TREES, PLEASE! Tattle Tree


A Palo Verde tree is lit up by the sunset near Quartzsite, AZ.

By Tim Clancy.

For a few dollars you can send a DNA sample to any one of a number of companies that will do an analysis of your sample and provide you with information about your heritage. PBS has a show dedicated to the use of DNA to uncover both famous and infamous connections to the past of contemporary celebrities. Sometimes the DNA dispels myths and family legends of these high-profile individuals.

DNA has been used to exonerate accused individuals as well and one criminal used DNA from other people to confuse investigators. For most of us DNA and its use in criminal investigations relates to human DNA.

It turns out that plants can also be differentiated by the use of DNA as well. A young woman was found dead in a secluded area outside of Phoenix. During a search of the crime scene investigators heard a beeping sound and recovered a pager (remember those?). The pager led the detectives to an individual. Upon interviewing the man detectives noticed that he had scratches on his face and were hopeful that the deceased had scratched his face and would have some of the man's DNA under her fingernails. It was not to be and that lead turned out to be unfruitful. A through search of the suspect's truck provided no clues either (He had cleaned his truck after his deed was committed). However, while collecting evidence from the truck seed pods were collected and bagged.

While at the crime scene a detective noticed that there were trees (Palo Verde) that had similar looking seed pods. This led to the suggestion of using DNA to prove the man was at the scene despite his protestations of not ever having been there. A detective called around the country looking for someone to do the analysis and was met with skepticism on 14 calls. On the 15th call to a geneticist 100 miles away he found someone at the University of Arizona who agreed the task.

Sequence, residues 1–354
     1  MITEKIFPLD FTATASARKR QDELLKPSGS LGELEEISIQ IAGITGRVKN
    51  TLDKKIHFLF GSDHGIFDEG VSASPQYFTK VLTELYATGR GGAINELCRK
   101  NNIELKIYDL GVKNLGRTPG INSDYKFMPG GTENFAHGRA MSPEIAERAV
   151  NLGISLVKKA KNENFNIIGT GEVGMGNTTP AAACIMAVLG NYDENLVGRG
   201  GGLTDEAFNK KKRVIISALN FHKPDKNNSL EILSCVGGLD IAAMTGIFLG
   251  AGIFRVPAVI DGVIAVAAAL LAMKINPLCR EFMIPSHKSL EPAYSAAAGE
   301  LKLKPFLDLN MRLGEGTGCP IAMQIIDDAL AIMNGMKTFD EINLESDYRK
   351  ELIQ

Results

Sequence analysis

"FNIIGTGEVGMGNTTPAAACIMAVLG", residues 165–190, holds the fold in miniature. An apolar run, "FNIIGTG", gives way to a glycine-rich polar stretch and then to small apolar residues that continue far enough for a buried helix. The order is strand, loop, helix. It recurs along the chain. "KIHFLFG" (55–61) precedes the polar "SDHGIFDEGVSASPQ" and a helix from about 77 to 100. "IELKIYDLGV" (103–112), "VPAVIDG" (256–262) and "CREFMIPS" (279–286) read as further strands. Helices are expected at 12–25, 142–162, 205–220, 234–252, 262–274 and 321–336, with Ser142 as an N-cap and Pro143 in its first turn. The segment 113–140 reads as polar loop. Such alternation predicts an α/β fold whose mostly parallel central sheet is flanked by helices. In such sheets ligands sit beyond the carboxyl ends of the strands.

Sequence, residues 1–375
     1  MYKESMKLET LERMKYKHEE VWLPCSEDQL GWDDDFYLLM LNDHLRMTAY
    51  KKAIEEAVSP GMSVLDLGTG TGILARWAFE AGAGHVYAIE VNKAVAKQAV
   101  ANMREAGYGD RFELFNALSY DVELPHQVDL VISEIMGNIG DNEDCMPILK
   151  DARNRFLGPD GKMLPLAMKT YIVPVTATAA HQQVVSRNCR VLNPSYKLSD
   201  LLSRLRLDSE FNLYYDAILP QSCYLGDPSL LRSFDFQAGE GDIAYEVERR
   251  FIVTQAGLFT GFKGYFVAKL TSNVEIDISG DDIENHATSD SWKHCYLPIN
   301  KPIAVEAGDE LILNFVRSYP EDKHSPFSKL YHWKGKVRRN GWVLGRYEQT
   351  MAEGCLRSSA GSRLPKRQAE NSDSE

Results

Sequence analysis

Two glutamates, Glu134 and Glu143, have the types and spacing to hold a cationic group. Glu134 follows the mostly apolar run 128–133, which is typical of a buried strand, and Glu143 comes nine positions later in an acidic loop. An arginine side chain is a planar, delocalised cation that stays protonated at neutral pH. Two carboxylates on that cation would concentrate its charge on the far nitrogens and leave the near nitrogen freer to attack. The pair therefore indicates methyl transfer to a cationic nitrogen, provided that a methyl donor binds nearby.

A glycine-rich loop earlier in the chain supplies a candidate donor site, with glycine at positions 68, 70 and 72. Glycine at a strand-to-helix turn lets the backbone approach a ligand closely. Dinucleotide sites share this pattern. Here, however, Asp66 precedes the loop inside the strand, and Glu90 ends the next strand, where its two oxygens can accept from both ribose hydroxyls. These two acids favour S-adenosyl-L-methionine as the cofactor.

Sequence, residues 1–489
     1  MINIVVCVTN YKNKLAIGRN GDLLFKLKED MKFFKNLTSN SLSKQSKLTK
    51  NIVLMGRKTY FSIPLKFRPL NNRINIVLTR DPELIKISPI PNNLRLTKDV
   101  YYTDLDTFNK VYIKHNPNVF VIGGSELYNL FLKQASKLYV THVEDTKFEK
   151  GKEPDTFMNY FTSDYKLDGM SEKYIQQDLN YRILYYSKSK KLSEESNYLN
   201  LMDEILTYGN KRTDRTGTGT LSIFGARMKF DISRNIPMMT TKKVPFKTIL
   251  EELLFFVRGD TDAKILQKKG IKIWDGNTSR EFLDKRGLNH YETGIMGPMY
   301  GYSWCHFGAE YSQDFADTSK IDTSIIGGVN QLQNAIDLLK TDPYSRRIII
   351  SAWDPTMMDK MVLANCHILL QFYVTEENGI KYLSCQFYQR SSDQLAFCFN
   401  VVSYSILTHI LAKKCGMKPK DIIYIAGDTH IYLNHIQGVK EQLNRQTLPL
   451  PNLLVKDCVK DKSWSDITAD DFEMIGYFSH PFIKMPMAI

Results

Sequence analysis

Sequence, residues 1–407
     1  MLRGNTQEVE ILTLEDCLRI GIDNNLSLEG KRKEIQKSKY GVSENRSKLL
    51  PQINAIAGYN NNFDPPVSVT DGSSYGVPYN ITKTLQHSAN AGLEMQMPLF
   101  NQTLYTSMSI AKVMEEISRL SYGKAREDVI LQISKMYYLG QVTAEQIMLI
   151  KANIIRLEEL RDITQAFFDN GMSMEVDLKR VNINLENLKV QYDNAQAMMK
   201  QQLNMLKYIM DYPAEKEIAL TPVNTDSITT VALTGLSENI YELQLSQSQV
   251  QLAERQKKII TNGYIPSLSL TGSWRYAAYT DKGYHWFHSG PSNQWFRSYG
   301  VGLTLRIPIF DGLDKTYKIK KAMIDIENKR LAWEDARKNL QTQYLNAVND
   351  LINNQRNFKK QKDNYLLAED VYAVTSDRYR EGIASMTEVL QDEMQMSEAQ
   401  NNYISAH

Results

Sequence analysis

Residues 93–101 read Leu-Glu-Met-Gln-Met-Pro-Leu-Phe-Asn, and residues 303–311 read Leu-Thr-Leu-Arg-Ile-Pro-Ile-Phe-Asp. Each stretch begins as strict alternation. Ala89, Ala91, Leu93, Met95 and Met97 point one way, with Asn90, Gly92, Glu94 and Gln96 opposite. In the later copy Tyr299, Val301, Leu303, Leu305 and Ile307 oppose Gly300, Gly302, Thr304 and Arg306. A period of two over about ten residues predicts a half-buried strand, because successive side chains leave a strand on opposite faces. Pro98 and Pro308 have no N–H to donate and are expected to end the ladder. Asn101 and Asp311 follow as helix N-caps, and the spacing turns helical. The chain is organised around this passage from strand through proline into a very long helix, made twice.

The crime scene was near a small grove of the trees so prosecutors provided samples from multiple trees and sure enough the geneticist was able to identify an individual tree the seed pods came from. The prosecutor was concerned that such a small sample would not convince a jury (This was 2 years before the O.J. Simpson trial, remember that?). So, in an effort to bolster his case and prove that trees could be individually be distinguished by DNA decided to conduct a test using 100 random samples.

Who's your daddy?

Once again the geneticist went to work and did indeed find that 99 of the 100 samples were genetically distinct. He did however have some bad news in that one of the samples came back as a perfect match to the tree originally identified as the one at the crime scene. This was music to the prosecutor’s ears as he had unbeknownst to the geneticist included a sample from the original tree as a test! He was now confident that even though there were thousands of Palo Verde trees in and around Phoenix he could show a jury that DNA was indeed individual to plants as well as humans.

The murder suspect was convicted and sentenced to life in prison. This was the first time in history that plant DNA was used to convict a murderer. Now that's planted evidence.

Contributor Tim Clancy is an International Society of Arboriculture Certified Arborist

No. WE-0806A and Tree Risk Assessment Qualified.

  

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